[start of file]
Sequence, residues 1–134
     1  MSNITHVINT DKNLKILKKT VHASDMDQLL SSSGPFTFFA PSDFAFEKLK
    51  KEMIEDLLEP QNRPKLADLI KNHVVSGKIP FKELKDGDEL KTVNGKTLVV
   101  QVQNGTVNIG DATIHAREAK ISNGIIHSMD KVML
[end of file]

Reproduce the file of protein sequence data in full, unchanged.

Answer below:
Sequence, residues 1–134
     1  MSNITHVINT DKNLKILKKT VHASDMDQLL SSSGPFTFFA PSDFAFEKLK
    51  KEMIEDLLEP QNRPKLADLI KNHVVSGKIP FKELKDGDEL KTVNGKTLVV
   101  QVQNGTVNIG DATIHAREAK ISNGIIHSMD KVML